Sound Advice Reviews
Seasons of love songs
Love songs are never out of season, and those with titles mentioning the seasons spring to mind–because I keep noticing their inclusions on new recordings. Here are some. Loveless springtimes are among the subjects covered by Champian Fulton and Danielle Wertz. Spring and the season after it are agenda items on Once Upon a Summertime from Sharon Sable, while Margo Brown's musical calendar has "Summer Me, Winter Me." Addressing the remaining season will fall to Bill Evans with "Autumn Leaves" on a posthumous retrospective.
In her recently released recording, "Spring Can Really Hang You Up the Most" is the rare sorrowful moment for Champian Fulton. Spring becomes the warm season chilled by the loss of love. This and another break-up oldie, "Just Friends," break up the otherwise steady stream of stylish cheer and high energy bursting forth in both vocal and instrumental tracks presented by the stylish jazz singer/pianist. Otherwise, she's more in the mode and mood of a "Happy Camper," to invoke the title of the one piece here that she composed herself. It's one of the non-vocal romps showcasing the teamwork with her skillful bandmates, bassist Hide Tanaka and drummer Fukushi Tainaka, with whom she's worked frequently for years. Meet Me at Birdland was culled from performances during a run last year at the Manhattan venue. The dozen selections include several revisits to material from the Fulton discography of more than a dozen albums.
Confidence and comfort level come through. Analogous to her typically assertively piano style, Champian Fulton's "female vocalist" personality projected is far from demure or dainty, seeming more sly than shy. Playful lyrics suit her, such as those in "I Didn't Mean a Word I Said." There's a wink in her sassiness. A directness in owning feelings of love prevents "I've Got a Crush on You" from becoming coy, and "I Only Have Eyes for You" is not dripping with dewy-eyed devotion. Smilingly robust jazz and swing sensibilities keep things moving, so there's no risk of sinking in sentimentality. Stylized singing brings out attitudes, manifested in distinctive pronunciation and note-stretching, evoking a few jazz and blues stars of yore–a blended homage.
Instrumentals are on the long side, and the trio dazzles with muscularity–going for fierce fleetness, not pastel pretty sweetness. So, as things build, the reaction is more a gasped "wow!" than an emotion-triggered sigh.
You can meet the Meet Me at Birdland trio back at Birdland on May 28 for a live show celebrating this release.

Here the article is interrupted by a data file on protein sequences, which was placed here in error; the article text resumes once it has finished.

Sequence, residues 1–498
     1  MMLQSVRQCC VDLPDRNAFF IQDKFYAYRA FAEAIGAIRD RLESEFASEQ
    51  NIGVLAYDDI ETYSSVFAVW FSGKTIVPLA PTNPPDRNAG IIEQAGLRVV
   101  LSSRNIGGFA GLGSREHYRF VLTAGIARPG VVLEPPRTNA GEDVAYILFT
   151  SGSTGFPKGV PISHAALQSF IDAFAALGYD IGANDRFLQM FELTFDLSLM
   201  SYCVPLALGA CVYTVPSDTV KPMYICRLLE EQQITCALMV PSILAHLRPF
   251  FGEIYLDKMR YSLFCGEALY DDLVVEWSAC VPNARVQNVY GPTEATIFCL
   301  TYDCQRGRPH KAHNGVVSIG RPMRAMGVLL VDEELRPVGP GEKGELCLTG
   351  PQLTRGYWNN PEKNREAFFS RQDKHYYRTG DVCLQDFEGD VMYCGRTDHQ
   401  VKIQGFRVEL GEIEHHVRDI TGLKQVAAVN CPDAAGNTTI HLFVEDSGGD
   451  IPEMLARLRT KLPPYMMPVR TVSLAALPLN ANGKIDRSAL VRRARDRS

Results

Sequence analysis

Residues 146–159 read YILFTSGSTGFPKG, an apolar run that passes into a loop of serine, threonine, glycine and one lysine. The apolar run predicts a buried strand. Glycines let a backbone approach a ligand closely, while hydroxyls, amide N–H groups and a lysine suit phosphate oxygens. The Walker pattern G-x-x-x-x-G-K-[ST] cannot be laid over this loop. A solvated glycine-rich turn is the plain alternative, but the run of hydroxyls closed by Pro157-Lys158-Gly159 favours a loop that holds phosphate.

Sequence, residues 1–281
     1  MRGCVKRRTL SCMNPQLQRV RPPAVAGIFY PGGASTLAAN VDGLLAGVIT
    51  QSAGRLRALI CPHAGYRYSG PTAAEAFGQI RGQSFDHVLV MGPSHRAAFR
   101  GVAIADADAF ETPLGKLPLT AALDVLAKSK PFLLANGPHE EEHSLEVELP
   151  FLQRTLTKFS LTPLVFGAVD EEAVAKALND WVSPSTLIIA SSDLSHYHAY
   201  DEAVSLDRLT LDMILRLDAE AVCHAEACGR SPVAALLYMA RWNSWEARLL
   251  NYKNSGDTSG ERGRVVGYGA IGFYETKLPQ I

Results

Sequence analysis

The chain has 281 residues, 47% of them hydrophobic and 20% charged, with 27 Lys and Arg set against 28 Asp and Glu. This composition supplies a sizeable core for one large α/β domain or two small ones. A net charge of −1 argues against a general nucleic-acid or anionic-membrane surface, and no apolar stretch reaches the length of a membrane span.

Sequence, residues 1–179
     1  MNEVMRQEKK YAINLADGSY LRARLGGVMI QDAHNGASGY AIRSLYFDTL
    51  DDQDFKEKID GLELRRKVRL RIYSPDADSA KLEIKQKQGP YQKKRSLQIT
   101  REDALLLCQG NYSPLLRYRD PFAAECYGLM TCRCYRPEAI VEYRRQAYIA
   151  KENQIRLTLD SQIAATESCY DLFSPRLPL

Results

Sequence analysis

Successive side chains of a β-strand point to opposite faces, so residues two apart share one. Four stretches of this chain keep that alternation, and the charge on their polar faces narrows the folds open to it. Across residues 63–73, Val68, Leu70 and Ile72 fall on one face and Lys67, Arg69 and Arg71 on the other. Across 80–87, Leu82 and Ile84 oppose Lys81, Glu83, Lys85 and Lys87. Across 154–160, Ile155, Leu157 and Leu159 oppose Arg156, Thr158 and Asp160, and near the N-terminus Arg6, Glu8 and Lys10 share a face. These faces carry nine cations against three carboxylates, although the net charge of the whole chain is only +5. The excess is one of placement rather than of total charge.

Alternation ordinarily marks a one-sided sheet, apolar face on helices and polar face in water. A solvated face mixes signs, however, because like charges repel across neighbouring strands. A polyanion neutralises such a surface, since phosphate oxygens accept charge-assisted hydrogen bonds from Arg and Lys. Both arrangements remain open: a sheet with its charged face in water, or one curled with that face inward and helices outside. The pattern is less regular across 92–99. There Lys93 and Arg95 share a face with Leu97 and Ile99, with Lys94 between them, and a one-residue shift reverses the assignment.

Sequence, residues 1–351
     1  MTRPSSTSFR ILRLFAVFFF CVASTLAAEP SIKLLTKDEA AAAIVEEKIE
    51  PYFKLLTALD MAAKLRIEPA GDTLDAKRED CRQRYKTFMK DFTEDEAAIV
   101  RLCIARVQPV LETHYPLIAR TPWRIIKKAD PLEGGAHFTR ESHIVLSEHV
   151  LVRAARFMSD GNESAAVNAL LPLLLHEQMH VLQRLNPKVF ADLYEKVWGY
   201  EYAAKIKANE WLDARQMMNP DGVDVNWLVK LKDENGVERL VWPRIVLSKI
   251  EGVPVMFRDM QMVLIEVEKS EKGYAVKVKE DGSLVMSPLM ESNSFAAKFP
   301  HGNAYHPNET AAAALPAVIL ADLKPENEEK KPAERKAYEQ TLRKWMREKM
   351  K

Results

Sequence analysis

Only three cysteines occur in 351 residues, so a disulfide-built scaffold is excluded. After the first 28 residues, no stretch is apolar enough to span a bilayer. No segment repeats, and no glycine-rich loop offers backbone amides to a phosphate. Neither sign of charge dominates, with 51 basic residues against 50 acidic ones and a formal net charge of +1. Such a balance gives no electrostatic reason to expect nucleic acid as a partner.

"Spring is here/ Why doesn't my heart go dancing?/ Spring is here/ Why isn't the waltz entrancing?" A 1938 Broadway musical called I Married an Angel is the source of the disconsolate, lonely song "Spring Is Here," but it found new bleakness when spring was on the horizon and settling in three years ago, as the frightening reality of the pandemic was also settling in. Dealing with that harrowing period prompted Danielle Wertz to create Other Side, her second album. She wrote or co-wrote much of the material, arranged and produced the set, does the vocals, and plays synthesizers. When she sings Richard Rodgers and Lorenz Hart's "Spring Is Here," deconstructing it with artistic license, she deepens the despair. It is preceded by a dour mood-setting piece with a title referencing the specific spring in question, "April 2020."
Another Rodgers melody (with Oscar Hammerstein's lyrics) comes later; it is a plush "I Have Dreamed," which segues satisfyingly into "Dreamsville" (Henry Mancini/ Jay Livingston and Ray Evans). Indeed, a great deal of this captivating collection has a dreamy, ethereal ambiance, becoming hypnotic, especially the wordless original compositions with Miss Wertz using her voice like an instrument, weaving through the evocative soundscapes in the company of other atmosphere-enhancing musicians playing guitars (Keith Ganz), sax (Samuel Priven), bass (Owen Clapp), percussion (Evan Hyde), and keyboards (Javier Santiago, who is her co-composer/co-producer on "April 2020").
This ambitious endeavor can feel elusive, but in an intriguing way rather than causing frustration with its mysterious milieu (although it takes concentration to catch some of the hushed words). Through waves of melancholia, hurt, pensive observations, and "Cloud Shaped Thoughts," Danielle Wertz's compellingly pretty voice floats, flutters and soars.
Amid the unleashed uncertainty, darkness and struggle, the old pop song wishing for "A Sunday Kind of Love" might seem like misfit fluff, but another respite is welcome, like the aforementioned pair about dreaming. (Its lyric has a passing reference to dreaming, too.) A kind of kind-hearted catharsis, with those dreams amid concerns fueled by the nightmare of the pandemic and its resulting isolation, Other Side is like no other release I've heard–and it's well worth hearing.
SHARON SABLE (vocals) & JOE HOLT (piano)
In the lyric of "They Say It's Spring" there's a mention of "this feeling light as a feather"–words that could also describe the gossamer essence of the late singer/pianist Blossom Dearie. The song is a sweet bit of bliss in a satisfying salute to her by vocalist Sharon Sable and pianist Joe Holt (one of several releases which have taken this particular tribute trek). Once Upon a Summertime is sublime. It's startling how fully the Dearie demeanor and sound are captured without appearing to be self-conscious or effortful. It's fond, not forced. Miss Sable is able to deliver the requisite air of eternally girlish guilelessness, tapping into the timbre of her admired model, the voice bringing wistfulness without getting wispy. It's creamy, soothing and supple. This is not "against-type" casting or unfamiliar ground. Her prior two releases each had one of the numbers done here. Bassist Amy Shook joins the pair on several tracks.